Okay, we realize that Roughing It cannot be considered completely nonfiction; it is Mark Twain after all. In fact, Twain warns us that “this book is merely a personal narrative ” and that he “regret[s] very much” that so much information leaked into the book. When Roughing It was first published in 1872, Twain referred to Nevada and Utah as “the Far West,” but his descriptions of the country take the reader right into our American West.
From Chapter 3
Roughing It By Mark Twain
As the sun was going down, we saw the first specimen of an animal known familiarly over two thousand miles of mountain and desert–from Kansas clear to the Pacific Ocean–as the “jackass rabbit.” He is well named. He is just like any other rabbit, except that he is from one third to twice as large, has longer legs in proportion to his size, and has the most preposterous ears that ever were mounted on any creature but a jackass.
When he is sitting quiet, thinking about his sins, or is absent-minded or unapprehensive of danger, his majestic ears project above him conspicuously; but the breaking of a twig will scare him nearly to death, and then he tilts his ears back gently and starts for home. All you can see, then, for the next minute, is his long gray form stretched out straight and “streaking it” through the low sage-brush, head erect, eyes right, and ears just canted a little to the rear, but showing you where the animal is, all the time, the same as if he carried a jib. Now and then he makes a marvelous spring with his long legs, high over the stunted sage-brush, and scores a leap that would make a horse envious. Presently he comes down to a long, graceful “lope,” and shortly he mysteriously disappears. He has crouched behind a sage-bush, and will sit there and listen and tremble until you get within six feet of him, when he will get under way again. But one must shoot at this creature once, if he wishes to see him throw his heart into his heels, and do the best he knows how. He is frightened clear through, now, and he lays his long ears down on his back, straightens himself out like a yard-stick every spring he makes, and scatters miles behind him with an easy indifference that is enchanting.
I do not remember where we first came across “sage-brush,” but as I have been speaking of it I may as well describe it.
This is easily done, for if the reader can imagine a gnarled and venerable live oak-tree reduced to a little shrub two feet-high, with its rough bark, its foliage, its twisted boughs, all complete, he can picture the “sage-brush” exactly. Often, on lazy afternoons in the mountains, I have lain on the ground with my face under a sage-bush, and entertained myself with fancying that the gnats among its foliage were liliputian birds, and that the ants marching and countermarching about its base were liliputian flocks and herds, and myself some vast loafer from Brobdignag waiting to catch a little citizen and eat him.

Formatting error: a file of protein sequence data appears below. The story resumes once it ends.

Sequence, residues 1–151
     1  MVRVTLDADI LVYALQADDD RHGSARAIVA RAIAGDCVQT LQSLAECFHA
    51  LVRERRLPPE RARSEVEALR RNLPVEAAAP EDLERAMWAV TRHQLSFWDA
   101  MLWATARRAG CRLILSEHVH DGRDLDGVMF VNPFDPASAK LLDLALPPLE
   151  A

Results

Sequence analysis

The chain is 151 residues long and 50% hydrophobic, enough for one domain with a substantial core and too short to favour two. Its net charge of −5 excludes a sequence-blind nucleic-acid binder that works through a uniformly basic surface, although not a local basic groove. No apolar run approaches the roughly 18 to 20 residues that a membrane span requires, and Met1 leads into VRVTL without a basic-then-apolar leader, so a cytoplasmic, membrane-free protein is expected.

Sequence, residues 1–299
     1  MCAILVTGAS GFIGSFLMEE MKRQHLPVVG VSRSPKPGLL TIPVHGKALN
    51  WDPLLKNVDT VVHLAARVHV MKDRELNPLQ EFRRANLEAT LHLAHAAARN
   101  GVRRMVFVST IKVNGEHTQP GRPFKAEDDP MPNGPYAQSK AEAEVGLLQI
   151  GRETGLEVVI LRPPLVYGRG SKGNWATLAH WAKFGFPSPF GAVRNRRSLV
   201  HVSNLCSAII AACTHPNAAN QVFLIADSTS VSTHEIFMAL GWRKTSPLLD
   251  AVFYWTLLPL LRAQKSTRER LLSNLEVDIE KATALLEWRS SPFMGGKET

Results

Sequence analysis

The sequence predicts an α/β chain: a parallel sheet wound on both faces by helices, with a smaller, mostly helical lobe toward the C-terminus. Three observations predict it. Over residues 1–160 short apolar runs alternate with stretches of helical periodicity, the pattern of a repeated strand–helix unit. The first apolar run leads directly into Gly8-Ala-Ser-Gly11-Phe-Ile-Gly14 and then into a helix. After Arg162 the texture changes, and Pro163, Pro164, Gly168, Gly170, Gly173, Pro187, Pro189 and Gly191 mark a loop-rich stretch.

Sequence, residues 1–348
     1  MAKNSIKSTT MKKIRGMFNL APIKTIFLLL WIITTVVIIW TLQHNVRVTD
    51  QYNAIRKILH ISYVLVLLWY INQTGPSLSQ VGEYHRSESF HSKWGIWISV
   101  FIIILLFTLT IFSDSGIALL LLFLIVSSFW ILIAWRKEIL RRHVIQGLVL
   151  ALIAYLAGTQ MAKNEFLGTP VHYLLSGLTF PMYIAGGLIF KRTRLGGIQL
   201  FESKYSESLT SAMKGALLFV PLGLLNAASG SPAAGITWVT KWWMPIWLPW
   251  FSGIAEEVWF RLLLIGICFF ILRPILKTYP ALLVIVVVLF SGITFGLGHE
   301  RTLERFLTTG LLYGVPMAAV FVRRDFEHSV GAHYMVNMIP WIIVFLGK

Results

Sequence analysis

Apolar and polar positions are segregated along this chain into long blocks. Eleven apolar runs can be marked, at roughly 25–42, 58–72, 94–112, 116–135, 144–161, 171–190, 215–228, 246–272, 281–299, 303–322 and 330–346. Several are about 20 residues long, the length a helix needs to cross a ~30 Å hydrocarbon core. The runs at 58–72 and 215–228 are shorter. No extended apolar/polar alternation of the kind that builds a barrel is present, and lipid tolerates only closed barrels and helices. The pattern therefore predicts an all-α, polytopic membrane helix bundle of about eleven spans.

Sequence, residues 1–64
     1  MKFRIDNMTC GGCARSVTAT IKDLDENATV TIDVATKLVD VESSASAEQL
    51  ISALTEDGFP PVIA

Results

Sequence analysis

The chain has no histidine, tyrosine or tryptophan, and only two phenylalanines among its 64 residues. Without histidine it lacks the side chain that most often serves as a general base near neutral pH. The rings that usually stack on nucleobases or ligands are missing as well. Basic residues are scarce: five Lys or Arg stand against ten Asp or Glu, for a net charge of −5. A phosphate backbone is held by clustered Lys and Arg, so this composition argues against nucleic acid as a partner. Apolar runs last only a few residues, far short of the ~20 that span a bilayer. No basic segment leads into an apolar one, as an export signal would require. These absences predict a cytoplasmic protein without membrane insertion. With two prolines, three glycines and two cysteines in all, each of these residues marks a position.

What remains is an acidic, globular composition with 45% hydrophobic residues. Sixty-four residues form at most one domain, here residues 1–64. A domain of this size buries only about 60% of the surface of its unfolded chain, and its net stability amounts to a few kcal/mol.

It is an imposing monarch of the forest in exquisite miniature, is the “sage-brush.” Its foliage is a grayish green, and gives that tint to desert and mountain. It smells like our domestic sage, and “sage-tea” made from it taste like the sage-tea which all boys are so well acquainted with. The sage-brush is a singularly hardy plant, and grows right in the midst of deep sand, and among barren rocks, where nothing else in the vegetable world would try to grow, except “bunch-grass.” –["Bunch-grass" grows on the bleak mountain-sides of Nevada and neighboring territories, and offers excellent feed for stock, even in the dead of winter, wherever the snow is blown aside and exposes it; notwithstanding its unpromising home, bunch-grass is a better and more nutritious diet for cattle and horses than almost any other hay or grass that is known--so stock-men say.]–The sage-bushes grow from three to six or seven feet apart, all over the mountains and deserts of the Far West, clear to the borders of California. There is not a tree of any kind in the deserts, for hundreds of miles–there is no vegetation at all in a regular desert, except the sage-brush and its cousin the “greasewood,” which is so much like the sage-brush that the difference amounts to little. Camp-fires and hot suppers in the deserts would be impossible but for the friendly sage-brush. Its trunk is as large as a boy’s wrist (and from that up to a man’s arm), and its crooked branches are half as large as its trunk–all good, sound, hard wood, very like oak.
When a party camps, the first thing to be done is to cut sage-brush; and in a few minutes there is an opulent pile of it ready for use. A hole a foot wide, two feet deep, and two feet long, is dug, and sage-brush chopped up and burned in it till it is full to the brim with glowing coals. Then the cooking begins, and there is no smoke, and consequently no swearing. Such a fire will keep all night, with very little replenishing; and it makes a very sociable camp-fire, and one around which the most impossible reminiscences sound plausible, instructive, and profoundly entertaining.